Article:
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Where should we go?

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Keywords: Travel Brochure, United States, States, Tourism, Geography, SOCIAL STUDIES
Subject(s): Social Studies, Technology, Geography
Grades 4 through 5
NETS-S Standard:
  • Creativity and Innovation
  • Communication and Collaboration
  • Research and Information Fluency
  • Critical Thinking, Problem Solving, and Decision Making
  • Technology Operations and Concepts
View Full Text of Standards
School: Green Springs Elem School, Green Springs, OH
Planned By: Michelle Baker
Original Author: Michelle Baker, Green Springs
For this lesson, students will need to complete a series of steps that will lead them to their final product of creating a digital poster using the program Glogster EDU that features three places to visit within a state, along with the admission price (if any), travel costs (driving and flying - if applicable), best time of year, weather-wise, to visit, along with the worse time of year to visit., weather-wise. One of the places chosen to visit must incorporate one landform, or natural feature from their state.


1. Have students brainstorm any places they would like to visit, hobbies, or interests that they might have. The point of the brainstorming is to have students create a list of things that they are interested in. Note: any places that are listed during the brainstorming session, must be located within the United States.

2. Once the students have completed their brainstorming, have them locate their partner for this activity by finding the student who has interests that are similar to theirs. Stress to students that their partner should be someone with the same interests as them, not necessarily their best friend.

3. With their partner, students need to go through their brainstorming lists circling any interests that they share with their partner. Then, begin researching possible places to visit for interest areas that both partners share with each other. (Note: Students cannot have a list that contains all of the same type of place, i.e. theme parks or camping sites, on their list. They need to have a variety of different places.) Once a group finds an actual place to visit (within the U.S.), they need to create a list that includes the name of the place they want to visit, along with the state that it is located in (the name of the city is not necessary)

4. Once students have found at least ten different places to visit, along with the name of the state each place is located in, they need to look at their list to see there is a state or states that appear on their list several times. If there is a state that has several of their places located in it, students will use this state to complete their Glogster poster. If there are no 'state' patterns on the places they have listed, students should select the state that contains the place that they have the most interest in visiting. (Try not to have different groups featuring the same locations within their posters. Try to find a variety of places to visit within the class.)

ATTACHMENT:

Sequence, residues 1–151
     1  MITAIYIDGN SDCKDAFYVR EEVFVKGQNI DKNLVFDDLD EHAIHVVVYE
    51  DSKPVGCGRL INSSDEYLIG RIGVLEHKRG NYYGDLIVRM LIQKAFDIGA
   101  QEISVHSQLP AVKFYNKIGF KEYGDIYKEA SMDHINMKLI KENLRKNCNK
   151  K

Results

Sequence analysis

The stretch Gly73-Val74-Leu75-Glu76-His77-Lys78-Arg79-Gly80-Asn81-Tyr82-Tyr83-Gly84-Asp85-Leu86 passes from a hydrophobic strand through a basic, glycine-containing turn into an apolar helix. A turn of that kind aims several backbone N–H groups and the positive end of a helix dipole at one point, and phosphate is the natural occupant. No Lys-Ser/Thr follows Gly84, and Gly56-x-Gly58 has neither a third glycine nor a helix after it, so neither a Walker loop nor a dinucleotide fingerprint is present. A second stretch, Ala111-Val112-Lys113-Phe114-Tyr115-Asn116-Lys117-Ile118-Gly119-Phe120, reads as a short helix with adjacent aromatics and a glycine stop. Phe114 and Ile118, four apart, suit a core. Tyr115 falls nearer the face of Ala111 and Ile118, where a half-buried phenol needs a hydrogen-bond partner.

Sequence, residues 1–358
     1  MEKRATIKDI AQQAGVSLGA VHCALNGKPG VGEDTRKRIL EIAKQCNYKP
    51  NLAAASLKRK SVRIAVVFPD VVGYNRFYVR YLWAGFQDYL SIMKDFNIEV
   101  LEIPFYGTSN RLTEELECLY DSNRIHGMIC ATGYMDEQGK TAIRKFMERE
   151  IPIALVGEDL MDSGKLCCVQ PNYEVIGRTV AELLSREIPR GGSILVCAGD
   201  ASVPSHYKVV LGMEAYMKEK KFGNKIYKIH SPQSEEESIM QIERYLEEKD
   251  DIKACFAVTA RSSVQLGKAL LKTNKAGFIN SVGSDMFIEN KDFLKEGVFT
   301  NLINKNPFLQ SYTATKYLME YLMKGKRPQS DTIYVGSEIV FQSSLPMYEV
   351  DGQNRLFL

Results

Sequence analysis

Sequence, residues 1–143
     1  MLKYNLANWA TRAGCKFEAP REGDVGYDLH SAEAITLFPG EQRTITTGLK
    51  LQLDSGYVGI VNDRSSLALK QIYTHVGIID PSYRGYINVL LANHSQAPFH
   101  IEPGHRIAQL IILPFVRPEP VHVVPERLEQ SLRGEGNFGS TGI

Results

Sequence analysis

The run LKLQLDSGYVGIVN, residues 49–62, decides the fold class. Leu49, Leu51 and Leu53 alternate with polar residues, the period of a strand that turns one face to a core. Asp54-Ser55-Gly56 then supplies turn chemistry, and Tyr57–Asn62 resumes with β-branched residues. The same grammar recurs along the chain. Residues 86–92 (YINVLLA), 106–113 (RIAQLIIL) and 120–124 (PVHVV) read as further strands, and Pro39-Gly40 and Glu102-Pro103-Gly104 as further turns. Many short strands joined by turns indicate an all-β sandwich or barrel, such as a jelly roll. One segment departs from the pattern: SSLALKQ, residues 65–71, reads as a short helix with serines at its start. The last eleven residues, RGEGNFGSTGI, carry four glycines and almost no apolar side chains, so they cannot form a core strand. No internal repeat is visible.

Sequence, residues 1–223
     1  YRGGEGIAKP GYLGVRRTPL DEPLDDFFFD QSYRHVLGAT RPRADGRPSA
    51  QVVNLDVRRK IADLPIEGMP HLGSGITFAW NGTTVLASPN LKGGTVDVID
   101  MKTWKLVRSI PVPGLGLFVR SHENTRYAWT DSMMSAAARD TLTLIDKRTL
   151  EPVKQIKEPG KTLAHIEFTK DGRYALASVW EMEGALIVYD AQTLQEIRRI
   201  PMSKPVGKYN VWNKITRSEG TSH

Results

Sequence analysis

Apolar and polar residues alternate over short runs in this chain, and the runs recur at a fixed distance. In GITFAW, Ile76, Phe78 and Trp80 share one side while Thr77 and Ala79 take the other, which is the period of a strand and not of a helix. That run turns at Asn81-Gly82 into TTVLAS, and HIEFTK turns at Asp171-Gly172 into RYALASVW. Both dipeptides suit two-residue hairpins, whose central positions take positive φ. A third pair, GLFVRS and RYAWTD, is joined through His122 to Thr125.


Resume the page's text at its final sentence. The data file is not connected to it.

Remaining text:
5. Next, groups need to select three places to visit within their selected state. One of their selections need to include one landform or natural feature found within their state. The other two places are left to the students' choosing as long as they are two different types of places.

6. Once students have selected their three places to visit, they need to research any admission costs that their places may have. Students also need to research the climate of the state in order to determine when is the best and worst time of year to visit their locations based on the climate. Finally, students need to research the cost of travel from the state they live in to the state they are traveling to by both plane and car. (Students should use the nearest airport to their location when determining the costs of their flights.) Groups should also have 3-5 facts that describe each of the places they would like to visit.

7. Once all of their research is completed, students are to create their Glogster poster in the style of their choosing. Students are allowed to include such features as pictures, text, videos, audio clips, or drawings, just to name a few within their 'poster'. The only requirement is that their poster must have each of the researched items listed in numbers 5 and 6 above. Remind students that they want to create a 'poster' that is visually appealing since the ultimate goal of their presentation is to convince their fellow students to visit their state and the various locations that they have created.

While completing this project, remind students that the focus of their project is the information contained within their Glogster poster and not solely the appearance of their poster.

Time needed to complete this project is yet to be determined since my students are currently completing this project for the first time.
Tablets, laptops, or computers are the primary devices needed to complete this project. Currently, my students participate in 'Bring Your Own Device', so a project like this is difficult for my students to complete due to the various different devices brought in on an inconsistent basis.
Cross-Curriculum Ideas
Language Arts - Descriptive or Persuasive Paragraphs - Students can write descriptive or persuasive paragraphs about the locations that they have chosen to visit.

Math - Possible lesson completed over the costs to drive and fly to their locations. Also, a possible lesson over budgeting money in order to be able to afford to travel to their locations.
Find out at the end of the year if students have or plan to travel to any of the locations that were featured on any of the Glogster posters that were completed earlier in the year.
Materials: Mobile Labs